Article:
A proposed scheme to cope with comorbidities in asthma

Publication date: Available online 25 August 2018Source: Pulmonary Pharmacology &TherapeuticsAuthor(s): Luane Marques de Mello, Álvaro A. CruzAbstractThe prevalence of non-communicable chronic diseases has been on the rise and the co-occurrence of morbidities is becoming more common. Multimorbidities are found more frequently among women, those with a history of mental disorders, lower level of schooling, and unfavorable socioeconomic condition. Physical inactivity, smoking and obesity are also associated with multimorbidities. Its occurrence is directly related to the age, affecting the majority of the individuals with more than 50 years. It is important to consider the possibility of comorbid conditions that aggravate, complicate or simulate the symptoms of the disease in the face of a patient with asthma and poor response to treatment. Among subjects with asthma, some conditions stand out as the most frequent: chronic rhinitis or rhinosinusitis, gastroesophageal reflux disease, obstructive sleep apnea syndrome, obesity, and cardiovascular disorders. Comorbidities reduce the chances of optimal asthma control. It is essential to assess and manage properly these complex situations, choosing wisely preventive strategies and treatment options to avoid adverse events and optimize outcomes. Medications for asthma have the potential to worsen cardiovascular conditions, while beta-adrenergic receptor blockers and angiotensin conversion enzyme inhibitors used for cardiova...
Source: Pulmonary Pharmacology and Therapeutics - Category: Respiratory Medicine Source Type: research

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Source: Annals of Allergy, Asthma and Immunology - Category: Allergy & Immunology Source Type: research
Source: Annals of Allergy, Asthma and Immunology - Category: Allergy & Immunology Source Type: research
Purpose of review Severe asthma is often associated with numerous comorbidities that complicate disease management and affect patient's outcomes. They contribute to poor disease control and mimic asthma symptoms. Although some comorbidities such as obstructive sleep apnea, bronchiectasis, and chronic obstructive pulmonary disease are generally well recognized, many other may remain undiagnosed but may be detected in an expert specialist setting. The management of comorbidities seems to improve asthma outcomes, and optimizes therapy by avoiding overtreatment. The present review provides recent knowledge regarding the most...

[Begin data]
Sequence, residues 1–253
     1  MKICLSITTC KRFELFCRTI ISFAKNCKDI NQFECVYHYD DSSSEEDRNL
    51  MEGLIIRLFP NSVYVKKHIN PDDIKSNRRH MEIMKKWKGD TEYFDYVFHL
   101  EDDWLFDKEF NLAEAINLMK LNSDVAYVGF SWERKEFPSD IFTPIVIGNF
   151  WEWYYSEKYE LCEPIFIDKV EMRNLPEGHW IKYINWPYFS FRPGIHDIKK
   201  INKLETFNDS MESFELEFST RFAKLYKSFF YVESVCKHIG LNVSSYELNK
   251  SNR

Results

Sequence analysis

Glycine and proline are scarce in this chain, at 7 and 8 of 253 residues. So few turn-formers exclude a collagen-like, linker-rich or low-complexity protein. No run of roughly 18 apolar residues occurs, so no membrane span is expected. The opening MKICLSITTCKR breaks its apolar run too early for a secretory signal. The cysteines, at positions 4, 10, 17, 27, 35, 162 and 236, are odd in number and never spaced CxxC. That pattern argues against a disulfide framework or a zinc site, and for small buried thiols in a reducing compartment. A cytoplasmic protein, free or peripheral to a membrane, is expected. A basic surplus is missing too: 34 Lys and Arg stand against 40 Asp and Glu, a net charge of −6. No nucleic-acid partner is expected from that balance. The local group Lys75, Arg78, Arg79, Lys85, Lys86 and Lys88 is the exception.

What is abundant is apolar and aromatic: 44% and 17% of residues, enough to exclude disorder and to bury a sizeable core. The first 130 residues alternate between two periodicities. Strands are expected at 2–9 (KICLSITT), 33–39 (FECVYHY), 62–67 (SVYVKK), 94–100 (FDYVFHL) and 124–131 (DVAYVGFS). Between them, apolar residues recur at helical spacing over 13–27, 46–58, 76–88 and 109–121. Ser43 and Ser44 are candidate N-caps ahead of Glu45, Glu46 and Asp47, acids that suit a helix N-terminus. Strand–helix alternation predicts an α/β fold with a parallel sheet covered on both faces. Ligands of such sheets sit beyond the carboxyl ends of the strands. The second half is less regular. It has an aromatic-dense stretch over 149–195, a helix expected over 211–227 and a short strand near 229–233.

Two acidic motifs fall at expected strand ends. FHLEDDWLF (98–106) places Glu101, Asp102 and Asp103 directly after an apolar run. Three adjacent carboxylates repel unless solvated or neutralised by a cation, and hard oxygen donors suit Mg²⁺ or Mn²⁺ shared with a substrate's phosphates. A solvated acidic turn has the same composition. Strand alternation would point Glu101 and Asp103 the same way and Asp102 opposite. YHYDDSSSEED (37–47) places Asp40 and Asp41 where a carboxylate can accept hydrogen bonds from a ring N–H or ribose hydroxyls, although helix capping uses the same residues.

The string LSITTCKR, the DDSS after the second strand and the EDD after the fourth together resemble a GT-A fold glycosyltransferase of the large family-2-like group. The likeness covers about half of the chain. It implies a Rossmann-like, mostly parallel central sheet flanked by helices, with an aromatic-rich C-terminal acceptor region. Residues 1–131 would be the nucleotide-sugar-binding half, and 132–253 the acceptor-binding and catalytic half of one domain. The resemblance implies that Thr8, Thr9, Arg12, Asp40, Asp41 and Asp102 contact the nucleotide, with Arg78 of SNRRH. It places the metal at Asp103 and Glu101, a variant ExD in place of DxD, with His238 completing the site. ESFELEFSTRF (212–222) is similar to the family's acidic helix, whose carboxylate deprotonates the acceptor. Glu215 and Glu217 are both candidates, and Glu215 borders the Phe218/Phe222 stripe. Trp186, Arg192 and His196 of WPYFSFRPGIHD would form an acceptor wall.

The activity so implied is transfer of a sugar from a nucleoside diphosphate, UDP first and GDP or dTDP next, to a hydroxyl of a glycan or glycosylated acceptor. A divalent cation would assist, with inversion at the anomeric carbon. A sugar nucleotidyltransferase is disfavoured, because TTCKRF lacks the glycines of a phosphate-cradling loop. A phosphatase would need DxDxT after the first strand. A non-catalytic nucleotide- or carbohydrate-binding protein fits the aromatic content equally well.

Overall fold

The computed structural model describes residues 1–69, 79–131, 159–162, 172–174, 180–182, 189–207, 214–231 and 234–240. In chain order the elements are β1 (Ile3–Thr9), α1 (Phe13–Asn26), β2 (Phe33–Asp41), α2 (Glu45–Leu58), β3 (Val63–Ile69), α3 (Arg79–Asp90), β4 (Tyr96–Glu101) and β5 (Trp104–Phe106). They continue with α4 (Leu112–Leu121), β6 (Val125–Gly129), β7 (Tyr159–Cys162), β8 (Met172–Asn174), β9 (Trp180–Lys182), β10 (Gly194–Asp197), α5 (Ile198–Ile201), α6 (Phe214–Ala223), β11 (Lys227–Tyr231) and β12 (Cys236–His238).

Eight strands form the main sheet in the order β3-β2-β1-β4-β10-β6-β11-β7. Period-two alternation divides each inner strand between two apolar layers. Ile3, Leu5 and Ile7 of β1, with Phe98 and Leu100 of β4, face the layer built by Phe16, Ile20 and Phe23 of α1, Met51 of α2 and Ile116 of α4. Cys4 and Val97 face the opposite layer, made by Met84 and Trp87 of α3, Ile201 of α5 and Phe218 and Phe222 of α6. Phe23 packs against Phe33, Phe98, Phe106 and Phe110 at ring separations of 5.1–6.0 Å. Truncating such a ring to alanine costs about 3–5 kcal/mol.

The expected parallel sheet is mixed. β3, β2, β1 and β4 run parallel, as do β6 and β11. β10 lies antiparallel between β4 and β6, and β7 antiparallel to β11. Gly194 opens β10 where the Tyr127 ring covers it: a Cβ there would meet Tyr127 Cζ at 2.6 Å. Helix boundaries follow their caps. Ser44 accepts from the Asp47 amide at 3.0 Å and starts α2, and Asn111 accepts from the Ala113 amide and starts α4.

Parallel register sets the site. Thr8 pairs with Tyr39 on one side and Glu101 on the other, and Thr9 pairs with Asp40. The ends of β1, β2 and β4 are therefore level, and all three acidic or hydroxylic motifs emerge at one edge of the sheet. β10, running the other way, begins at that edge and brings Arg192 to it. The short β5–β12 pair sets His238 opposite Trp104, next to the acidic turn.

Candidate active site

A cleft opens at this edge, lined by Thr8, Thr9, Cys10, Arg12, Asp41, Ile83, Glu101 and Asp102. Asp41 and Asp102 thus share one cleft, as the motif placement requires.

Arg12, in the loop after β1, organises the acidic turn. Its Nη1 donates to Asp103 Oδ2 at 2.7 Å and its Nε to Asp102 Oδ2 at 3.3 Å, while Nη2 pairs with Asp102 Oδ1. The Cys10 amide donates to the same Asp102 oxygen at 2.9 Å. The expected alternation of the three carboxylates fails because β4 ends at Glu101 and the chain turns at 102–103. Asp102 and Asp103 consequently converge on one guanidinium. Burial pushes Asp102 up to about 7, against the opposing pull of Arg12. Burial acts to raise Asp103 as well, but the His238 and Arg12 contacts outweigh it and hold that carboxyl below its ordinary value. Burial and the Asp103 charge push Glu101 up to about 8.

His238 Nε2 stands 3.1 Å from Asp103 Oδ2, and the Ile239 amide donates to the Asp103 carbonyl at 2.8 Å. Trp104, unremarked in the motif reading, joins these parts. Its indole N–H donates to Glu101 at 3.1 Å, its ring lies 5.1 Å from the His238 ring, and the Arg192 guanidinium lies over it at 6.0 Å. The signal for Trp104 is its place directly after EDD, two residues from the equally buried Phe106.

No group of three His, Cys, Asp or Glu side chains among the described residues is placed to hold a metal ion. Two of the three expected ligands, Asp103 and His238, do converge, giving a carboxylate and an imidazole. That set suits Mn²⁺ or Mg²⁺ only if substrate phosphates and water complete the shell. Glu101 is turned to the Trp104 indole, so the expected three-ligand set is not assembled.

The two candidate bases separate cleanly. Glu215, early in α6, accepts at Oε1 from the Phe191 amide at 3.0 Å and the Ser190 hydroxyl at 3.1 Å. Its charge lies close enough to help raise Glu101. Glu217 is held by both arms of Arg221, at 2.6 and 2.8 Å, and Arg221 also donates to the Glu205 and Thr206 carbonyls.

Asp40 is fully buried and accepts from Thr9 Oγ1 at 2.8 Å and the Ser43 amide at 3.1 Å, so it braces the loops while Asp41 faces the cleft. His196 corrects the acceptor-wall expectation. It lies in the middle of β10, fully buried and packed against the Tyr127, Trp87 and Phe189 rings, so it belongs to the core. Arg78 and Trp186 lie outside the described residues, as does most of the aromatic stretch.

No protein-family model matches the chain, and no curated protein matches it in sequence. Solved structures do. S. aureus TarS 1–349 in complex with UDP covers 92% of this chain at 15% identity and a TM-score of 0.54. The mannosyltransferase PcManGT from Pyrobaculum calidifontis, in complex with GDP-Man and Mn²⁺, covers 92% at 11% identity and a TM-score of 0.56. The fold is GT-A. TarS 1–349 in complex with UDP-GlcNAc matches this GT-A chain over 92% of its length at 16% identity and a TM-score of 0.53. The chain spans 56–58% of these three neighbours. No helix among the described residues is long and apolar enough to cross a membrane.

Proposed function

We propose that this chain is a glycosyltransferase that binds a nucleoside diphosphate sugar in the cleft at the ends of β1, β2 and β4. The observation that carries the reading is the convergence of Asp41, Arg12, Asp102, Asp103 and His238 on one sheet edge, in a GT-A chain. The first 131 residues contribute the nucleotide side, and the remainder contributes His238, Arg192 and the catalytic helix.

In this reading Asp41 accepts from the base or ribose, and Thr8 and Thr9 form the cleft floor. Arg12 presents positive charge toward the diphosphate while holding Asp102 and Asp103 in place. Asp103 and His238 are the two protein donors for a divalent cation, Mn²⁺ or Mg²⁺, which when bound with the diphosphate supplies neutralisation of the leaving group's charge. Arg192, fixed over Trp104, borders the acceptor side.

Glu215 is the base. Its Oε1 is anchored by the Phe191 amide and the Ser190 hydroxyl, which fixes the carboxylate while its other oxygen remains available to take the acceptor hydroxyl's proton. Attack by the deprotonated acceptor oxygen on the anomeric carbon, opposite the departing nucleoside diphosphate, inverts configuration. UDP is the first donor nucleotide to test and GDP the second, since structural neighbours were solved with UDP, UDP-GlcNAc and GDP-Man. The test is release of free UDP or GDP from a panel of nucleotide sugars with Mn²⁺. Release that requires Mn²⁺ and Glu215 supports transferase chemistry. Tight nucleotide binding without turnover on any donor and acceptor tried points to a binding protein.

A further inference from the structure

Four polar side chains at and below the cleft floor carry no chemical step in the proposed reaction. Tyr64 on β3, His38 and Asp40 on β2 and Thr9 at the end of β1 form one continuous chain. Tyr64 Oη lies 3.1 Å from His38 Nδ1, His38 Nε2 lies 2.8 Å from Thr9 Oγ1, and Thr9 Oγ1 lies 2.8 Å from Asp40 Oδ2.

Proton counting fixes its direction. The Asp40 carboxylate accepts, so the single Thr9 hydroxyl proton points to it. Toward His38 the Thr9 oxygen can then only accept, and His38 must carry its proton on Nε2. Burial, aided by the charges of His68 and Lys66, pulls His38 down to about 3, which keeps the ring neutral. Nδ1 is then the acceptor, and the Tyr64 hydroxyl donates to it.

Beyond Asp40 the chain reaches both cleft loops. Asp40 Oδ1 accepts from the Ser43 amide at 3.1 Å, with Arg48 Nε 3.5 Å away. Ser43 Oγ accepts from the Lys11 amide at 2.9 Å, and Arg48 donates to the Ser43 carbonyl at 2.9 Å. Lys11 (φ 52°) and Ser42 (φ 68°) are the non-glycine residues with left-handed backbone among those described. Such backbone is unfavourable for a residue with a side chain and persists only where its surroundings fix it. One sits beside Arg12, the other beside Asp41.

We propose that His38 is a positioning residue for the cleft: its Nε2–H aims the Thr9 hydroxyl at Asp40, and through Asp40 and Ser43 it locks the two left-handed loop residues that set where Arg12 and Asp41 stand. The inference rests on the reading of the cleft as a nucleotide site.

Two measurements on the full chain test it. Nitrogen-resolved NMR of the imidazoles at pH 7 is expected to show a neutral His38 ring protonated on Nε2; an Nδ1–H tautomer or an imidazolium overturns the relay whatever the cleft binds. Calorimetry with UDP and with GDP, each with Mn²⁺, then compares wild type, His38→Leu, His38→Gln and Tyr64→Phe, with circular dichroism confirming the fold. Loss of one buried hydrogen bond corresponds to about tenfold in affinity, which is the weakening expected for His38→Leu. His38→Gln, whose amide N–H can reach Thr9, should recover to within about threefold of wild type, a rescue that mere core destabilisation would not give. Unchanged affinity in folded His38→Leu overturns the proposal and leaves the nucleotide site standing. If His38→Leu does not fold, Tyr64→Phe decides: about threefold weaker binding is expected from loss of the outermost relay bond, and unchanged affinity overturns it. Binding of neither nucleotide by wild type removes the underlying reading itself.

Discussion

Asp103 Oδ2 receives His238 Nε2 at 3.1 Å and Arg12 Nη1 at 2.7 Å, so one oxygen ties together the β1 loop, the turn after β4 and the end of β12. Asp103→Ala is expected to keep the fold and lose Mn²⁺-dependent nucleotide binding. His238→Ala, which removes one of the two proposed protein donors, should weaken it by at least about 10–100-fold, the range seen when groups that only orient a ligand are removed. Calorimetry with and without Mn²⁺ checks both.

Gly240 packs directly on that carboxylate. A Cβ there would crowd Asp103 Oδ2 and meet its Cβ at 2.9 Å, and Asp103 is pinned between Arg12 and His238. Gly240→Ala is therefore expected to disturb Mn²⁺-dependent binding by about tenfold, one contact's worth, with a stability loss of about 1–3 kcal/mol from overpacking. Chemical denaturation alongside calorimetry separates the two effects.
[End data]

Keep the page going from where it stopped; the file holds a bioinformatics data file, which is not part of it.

Source: Current Opinion in Pulmonary Medicine - Category: Respiratory Medicine Tags: ASTHMA: Edited by Nicola A. Hanania, Zuzana Diamant, and Maarten van den Berge Source Type: research
Poor control in patients with difficult-to-treat asthma might be due to several factors, including poor adherence and undertreated asthma co-morbidities. After an assessment addressing these issues, only few patients still need targeted therapy.We aimed to evaluate the effect of a multidimensional intervention in improvement asthma control in patients with difficult asthma.Fifty patients with difficult asthma were prospectively included in this study conducted in AbderrahmenMami hospital between March 2018 and September 2018. Clinical, biological and functional characteristics were collected. Then, coexisting conditions (p...